UofSHealthPsych: What have you enjoyed most about working on a research team?

MM: I’ve enjoyed learning from both Dr. Arigo and other lab members about their research interests and seeing their working styles. It is nice to work with people who have similar interests as I do as well as those with different interests I got to learn more about.

UofSHealthPsych: I know you still have a year, but what are your plans after graduation?

MM: After graduation, I am planning on attending a graduate program in clinical psychology, possibly for a PsyD.

UofSHealthPsych: Is there any advice you would give an underclassmen interested in psychology research?

MM: I would say to learn as much as you can about what types of research professors in the psychology department are doing and ask to sit in on a few lab meetings before you choose what really interests you.

Meet @UofSHealth Psych: Interview with Nicole Plantier

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Nicole Plantier is a senior Psychology major. She was interviewed by sophomore Elle DiLorenzo.

UofSHealthPsych: Where are you from, and why did you choose the University of Scranton?

Nicole blog pictureNP: I’m from Moosup, CT, a small town in northeastern Connecticut about two hours away from Boston. I chose the University of Scranton because I fell in love with the school on my tour. The friendly atmosphere of the students and faculty drew me in.  As a prospective student, the open and welcoming vibe I got from the community here at The University was unmatched by other schools.

UofSHealthPsych: Why did you decide to study psychology?

NP: I originally planned on pursing a graduate degree in Forensic Psychology. My favorite television shows are Law & Order and Criminal Minds. Asking and answering questions about human behavior interests me. While my interests have shifted, and I’m no longer interested in Forensic Psychology, I have found the research process of psychology is my true passion.

UofSHealthPsych: How did you decide to join the Clinical Health Psychology Research Team? 

NP: Towards the end of spring semester last year, fellow team member Sabrina DiBisceglie told me about her individual research project on students’ responses to the Fitspiration trend on Instagram. I thought the work she was doing was incredibly interesting and I asked her how to get involved. I contacted Dr. Arigo, and started attending lab meetings in the Summer.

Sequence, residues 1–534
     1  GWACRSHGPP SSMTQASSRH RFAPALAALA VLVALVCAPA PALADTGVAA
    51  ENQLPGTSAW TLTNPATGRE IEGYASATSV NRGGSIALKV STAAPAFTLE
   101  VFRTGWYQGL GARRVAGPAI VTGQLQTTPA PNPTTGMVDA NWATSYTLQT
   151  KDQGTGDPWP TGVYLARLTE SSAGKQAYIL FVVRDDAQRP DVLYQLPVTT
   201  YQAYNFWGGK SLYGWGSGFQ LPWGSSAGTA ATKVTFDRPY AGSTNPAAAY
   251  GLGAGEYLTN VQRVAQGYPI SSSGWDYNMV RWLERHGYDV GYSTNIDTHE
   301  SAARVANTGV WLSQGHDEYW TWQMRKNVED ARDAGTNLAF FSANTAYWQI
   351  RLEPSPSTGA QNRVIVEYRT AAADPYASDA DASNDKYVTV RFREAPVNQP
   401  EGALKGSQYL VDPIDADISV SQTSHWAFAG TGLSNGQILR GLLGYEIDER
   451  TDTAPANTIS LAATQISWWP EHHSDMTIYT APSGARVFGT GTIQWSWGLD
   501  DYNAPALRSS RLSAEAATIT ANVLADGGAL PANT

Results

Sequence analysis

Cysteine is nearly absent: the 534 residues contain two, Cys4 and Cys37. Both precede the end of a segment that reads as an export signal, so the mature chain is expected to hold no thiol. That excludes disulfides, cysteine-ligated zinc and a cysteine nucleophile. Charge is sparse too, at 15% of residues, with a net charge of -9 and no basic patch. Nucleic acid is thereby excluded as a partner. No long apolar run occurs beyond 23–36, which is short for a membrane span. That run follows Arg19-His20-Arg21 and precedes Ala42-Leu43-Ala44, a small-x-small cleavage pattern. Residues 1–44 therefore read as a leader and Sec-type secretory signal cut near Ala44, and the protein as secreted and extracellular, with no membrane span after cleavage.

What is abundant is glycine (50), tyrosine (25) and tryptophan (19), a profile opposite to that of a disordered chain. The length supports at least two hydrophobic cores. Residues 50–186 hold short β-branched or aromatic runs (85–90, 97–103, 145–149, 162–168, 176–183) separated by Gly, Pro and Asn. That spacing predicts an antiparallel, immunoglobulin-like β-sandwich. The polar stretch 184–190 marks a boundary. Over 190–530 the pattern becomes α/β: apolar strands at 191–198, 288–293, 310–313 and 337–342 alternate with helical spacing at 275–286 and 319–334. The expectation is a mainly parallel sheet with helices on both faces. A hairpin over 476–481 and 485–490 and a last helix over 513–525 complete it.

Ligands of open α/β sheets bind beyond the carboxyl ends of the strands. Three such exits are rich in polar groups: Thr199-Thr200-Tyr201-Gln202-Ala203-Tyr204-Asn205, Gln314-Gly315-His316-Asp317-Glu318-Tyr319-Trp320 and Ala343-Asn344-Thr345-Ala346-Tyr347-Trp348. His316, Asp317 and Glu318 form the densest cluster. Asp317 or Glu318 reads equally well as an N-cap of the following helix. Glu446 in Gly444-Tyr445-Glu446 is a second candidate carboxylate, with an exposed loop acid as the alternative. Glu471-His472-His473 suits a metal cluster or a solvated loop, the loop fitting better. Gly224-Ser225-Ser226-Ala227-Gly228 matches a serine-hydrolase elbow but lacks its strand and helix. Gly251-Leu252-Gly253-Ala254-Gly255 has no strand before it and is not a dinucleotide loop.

UofSHealthPsych: What are your roles as a research assistant with the research team?

NP: When I first started we had a large observational study running – Project CHASE, which collected daily surveys and physical activity data from college women. While that was running I interacted with participants and collected their Fitbit data. I also have done some data coding for a project that Kristen Pasko, another team member, was leading. Additionally, I’ve been working on searching for articles for a project investigating the effect of social comparisons on physical activity.

UofSHealthPsych: What would you say has been the greatest advantage of being a part of the Clinical Health Psychology Research Team?

NP: I think the greatest advantage is the exposure to research that I’ve received. As a team, we’ve read many research articles and have had informative discussions on them. We’ve also had discussions on statistics, graduate school, and other relevant topics. As a psychology major here at the University, you are required to take a research methods course, but being able to apply what I’ve learned has helped me develop even more as a skilled researcher.

UofSHealthPsych: What skills have you gained from working as a research assistant will be most useful in the future?

NP: I think being able to perform literature searches, critically read research articles, and effectively interact with participants are a few of the skills that I’ve gained from working as a research assistant. These skills are transferable and I will be able to apply them in my future as a student, as well as a researcher.

UofSHealthPsych: What are your plans after graduation?

NP: I have applied to doctoral programs in psychology with a concentration in cognitive psychology. Hopefully, if everything works out, I will be starting a program in the Fall. If not, I plan to apply for research assistant or coordinator positions to gain more research experience.

UofSHealthPsych: What kind of research are you most interested in?

NP: I’m interested in cognitive psychology, more specifically human attention and memory. But, I’m also highly interested in the effect of social comparison on different aspects of health behavior.

UofSHealthPsych: I’m still learning the ropes as the newest member of the team. Do you have any advice for someone who is just beginning to work on a research team?

NP: Don’t be afraid to ask questions! If you have a question, there’s a good chance another person has the same one. As undergraduates we aren’t expected to know everything. Participating on a research team is a learning experience, and part of learning is asking questions. Also, don’t take on more than you can handle! Mental health should be a priority, stretching yourself too thin can be more harmful than it is productive.